Cyber criminals targeting smart fridges, televisions and laptops
Experts in UAE warn companies and the public must get smart with security
Cyber criminals are targeting UAE residents via their phones, smart fridges and televisions, experts have warned.
Officials at Symantec, an international security firm, said new research indicated the Emirates was subjected to a high volume of malware attacks.
Hussam Sedani, the company’s Middle East manager, said the success of businesses in the region meant potential rich pickings for shrewd criminals.
He said by illegally hacking into people’s smart fridges and other electronic household items, attackers were taking control of memory space needed to help them mine cryptocurrency more efficiently. The digital, decentralised, asset is known to be preferred by criminals for a range of illicit transactions as it is considered much harder to trace.
“Attackers are following the money to the UAE,” Mr Sedani told The National. “They know companies are doing better here than in other parts of the world."
The full extent of cybercrime faced by the UAE and the wider Mena region were laid bare in Symantec’s latest annual report.
It revealed that email malware attacks in the Middle East have increased every year since 2017, and now represented double the global average.
Last year, one in every 183 emails sent to or within the UAE contained a malicious link or attachment. The global average was one in every 412.
The report also revealed that instances of phishing, where fraudulent emails aim to obtaining personal information, were also abnormally high in the UAE.
In 2018, phishing attacks were initiated by one in every 2,312 emails in the Emirates, compared to a global average of one in 3,207.
Mr Sedani, 40, said companies in the UAE that had more than 2,500 employees were the most likely to be targeted by malware and phishing actors.
Meanwhile, smaller, medium-sized companies with between 500 and 1,000 staff were most likely to be impacted by spam emails.
He also said the most common type of cyber threat in the region was from a practice known as jacking.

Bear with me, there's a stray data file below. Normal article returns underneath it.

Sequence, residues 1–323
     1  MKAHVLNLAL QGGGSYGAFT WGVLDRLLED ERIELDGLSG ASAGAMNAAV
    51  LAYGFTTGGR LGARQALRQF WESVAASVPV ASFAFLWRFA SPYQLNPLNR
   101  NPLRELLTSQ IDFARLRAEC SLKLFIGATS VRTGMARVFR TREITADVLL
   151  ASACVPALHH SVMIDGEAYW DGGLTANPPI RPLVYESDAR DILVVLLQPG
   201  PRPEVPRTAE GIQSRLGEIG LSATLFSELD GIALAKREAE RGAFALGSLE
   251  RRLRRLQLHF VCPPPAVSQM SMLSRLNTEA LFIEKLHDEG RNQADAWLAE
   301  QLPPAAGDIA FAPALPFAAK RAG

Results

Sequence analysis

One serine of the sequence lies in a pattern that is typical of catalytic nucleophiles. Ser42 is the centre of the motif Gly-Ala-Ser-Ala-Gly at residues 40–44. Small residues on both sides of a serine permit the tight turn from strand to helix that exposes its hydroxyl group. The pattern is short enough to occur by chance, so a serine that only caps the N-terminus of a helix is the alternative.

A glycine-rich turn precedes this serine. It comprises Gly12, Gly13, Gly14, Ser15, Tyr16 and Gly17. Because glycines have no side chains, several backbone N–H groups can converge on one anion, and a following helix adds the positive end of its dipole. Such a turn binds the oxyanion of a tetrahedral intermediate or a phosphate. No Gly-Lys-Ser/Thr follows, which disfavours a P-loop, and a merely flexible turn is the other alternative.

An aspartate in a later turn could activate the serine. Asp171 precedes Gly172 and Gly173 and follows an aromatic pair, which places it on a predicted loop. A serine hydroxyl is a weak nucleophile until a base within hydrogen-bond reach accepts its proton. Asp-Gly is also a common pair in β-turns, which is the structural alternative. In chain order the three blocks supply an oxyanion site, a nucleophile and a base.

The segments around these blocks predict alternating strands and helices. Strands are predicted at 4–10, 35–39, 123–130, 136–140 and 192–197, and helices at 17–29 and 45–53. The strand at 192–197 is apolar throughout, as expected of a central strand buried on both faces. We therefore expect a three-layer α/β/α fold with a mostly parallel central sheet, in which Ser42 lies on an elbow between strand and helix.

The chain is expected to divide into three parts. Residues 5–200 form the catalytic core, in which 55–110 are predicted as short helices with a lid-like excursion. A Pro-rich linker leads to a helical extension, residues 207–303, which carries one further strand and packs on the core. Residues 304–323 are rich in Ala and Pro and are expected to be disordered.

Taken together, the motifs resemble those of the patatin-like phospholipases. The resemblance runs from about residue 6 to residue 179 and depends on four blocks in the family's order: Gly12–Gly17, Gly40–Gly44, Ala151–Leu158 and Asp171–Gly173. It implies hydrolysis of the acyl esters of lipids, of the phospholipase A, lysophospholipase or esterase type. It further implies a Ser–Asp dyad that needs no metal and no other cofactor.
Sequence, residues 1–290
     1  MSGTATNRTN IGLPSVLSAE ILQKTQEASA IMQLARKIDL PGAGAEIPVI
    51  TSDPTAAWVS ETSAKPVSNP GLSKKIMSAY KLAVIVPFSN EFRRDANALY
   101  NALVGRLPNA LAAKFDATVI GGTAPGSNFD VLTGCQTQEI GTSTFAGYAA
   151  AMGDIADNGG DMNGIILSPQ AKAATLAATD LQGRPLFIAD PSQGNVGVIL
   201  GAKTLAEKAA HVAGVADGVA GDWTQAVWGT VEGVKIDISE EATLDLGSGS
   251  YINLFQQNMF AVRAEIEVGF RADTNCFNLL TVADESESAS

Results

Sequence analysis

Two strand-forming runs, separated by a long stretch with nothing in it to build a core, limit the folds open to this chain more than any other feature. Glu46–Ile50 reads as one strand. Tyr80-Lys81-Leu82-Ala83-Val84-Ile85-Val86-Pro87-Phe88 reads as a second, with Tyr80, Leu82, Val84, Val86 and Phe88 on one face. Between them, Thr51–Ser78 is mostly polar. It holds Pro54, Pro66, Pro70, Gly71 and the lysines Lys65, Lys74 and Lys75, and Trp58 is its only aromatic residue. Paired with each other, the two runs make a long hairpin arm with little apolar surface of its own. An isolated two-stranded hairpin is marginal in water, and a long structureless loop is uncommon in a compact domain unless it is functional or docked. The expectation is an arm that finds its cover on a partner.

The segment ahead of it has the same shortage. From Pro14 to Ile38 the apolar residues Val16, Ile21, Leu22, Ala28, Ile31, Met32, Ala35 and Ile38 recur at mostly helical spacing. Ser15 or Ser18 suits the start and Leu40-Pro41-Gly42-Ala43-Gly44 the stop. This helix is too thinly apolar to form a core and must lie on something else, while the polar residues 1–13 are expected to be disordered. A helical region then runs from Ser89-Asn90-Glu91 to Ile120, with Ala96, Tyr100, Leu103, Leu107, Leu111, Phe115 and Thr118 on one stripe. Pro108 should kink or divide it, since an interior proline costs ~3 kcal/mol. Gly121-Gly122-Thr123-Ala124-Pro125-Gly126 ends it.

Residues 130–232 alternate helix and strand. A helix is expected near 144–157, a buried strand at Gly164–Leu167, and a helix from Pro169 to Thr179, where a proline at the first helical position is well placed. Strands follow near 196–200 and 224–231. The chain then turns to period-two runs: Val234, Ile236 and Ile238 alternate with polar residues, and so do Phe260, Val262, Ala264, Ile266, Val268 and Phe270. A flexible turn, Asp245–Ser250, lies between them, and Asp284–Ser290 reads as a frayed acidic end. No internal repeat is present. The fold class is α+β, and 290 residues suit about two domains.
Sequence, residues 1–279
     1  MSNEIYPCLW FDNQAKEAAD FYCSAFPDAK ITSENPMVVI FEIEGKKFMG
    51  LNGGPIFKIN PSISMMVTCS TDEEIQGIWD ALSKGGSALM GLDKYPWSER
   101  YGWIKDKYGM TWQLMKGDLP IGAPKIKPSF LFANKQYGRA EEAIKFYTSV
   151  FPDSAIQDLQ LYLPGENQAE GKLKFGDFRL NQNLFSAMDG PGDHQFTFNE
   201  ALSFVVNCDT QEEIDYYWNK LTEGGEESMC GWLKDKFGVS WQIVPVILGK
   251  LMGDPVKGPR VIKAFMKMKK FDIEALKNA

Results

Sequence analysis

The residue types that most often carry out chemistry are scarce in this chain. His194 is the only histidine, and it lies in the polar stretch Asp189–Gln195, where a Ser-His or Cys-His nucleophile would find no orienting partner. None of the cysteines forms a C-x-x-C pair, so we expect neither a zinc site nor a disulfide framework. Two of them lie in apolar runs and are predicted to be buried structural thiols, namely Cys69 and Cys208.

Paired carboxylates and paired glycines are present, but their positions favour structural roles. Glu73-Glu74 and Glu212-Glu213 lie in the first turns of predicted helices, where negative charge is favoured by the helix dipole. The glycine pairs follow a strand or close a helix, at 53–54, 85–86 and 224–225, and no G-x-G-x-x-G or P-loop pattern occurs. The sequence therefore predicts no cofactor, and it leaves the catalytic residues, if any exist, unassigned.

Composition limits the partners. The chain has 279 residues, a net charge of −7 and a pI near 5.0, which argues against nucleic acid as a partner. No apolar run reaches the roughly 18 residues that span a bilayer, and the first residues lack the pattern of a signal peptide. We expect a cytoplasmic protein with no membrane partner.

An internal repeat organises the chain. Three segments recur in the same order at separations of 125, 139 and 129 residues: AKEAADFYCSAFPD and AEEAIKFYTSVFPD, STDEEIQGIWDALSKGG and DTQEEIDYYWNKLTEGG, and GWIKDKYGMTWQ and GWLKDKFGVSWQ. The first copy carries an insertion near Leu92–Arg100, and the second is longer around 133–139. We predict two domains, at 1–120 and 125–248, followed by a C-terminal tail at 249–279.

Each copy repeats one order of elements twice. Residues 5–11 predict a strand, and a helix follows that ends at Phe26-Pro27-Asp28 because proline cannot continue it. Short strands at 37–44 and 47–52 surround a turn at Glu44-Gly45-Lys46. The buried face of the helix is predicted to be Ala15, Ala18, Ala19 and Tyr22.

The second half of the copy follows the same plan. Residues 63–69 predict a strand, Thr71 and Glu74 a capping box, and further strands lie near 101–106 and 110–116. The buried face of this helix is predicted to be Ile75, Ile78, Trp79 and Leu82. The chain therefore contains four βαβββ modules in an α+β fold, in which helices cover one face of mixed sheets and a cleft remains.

This involves cyber criminals injecting malicious code into retailers’ websites to steal shoppers’ payment card details.
“Bigger companies tend to have more resources to go after vulnerabilities and shore up their security controls,” he said. “Attacks on smaller companies are flourishing here.
“Attacks all start with stealing with stealing someone’s credentials, that is the main objective of phishing emails.”
Mr Sedani went on to warn that the methods being used by cyber criminals were advancing at such a rate that the security industry was hard pressed to keep up.
He told how hacking smart devices in the home was allowing criminals to more efficiently mine for cryptocurrency such as bitcoins.
Unlike paper money, cryptocurrency is earned by the solving of complicated mathematical problems which require vast amounts of memory space.
By taking over systems belonging to others and pooling memory with their own networks, criminals can speed up the mining process and generate more wealth.
“Coin mining is very simple,” he said. “The criminals simply gain access to a system by hijacking devices like smart fridges, TVs, mobile phones or laptops.
“They take over the memory and central processing unit to mine for coins. They are not stealing any data here.
“There is no way you can know if a device has been compromised unless you have an advanced security system.”
Mehdi Quraishi, 54, CEO of Dubai digital services company, Ixtel, also acknowledged the cyber security threats faced by the region.
“Education is important – people need to know what they are connected to,” he said.
“Security is a difficult challenge that the market is facing in this region right now. There is a need for more awareness and training.”
Updated: March 28, 2019 11:11 AM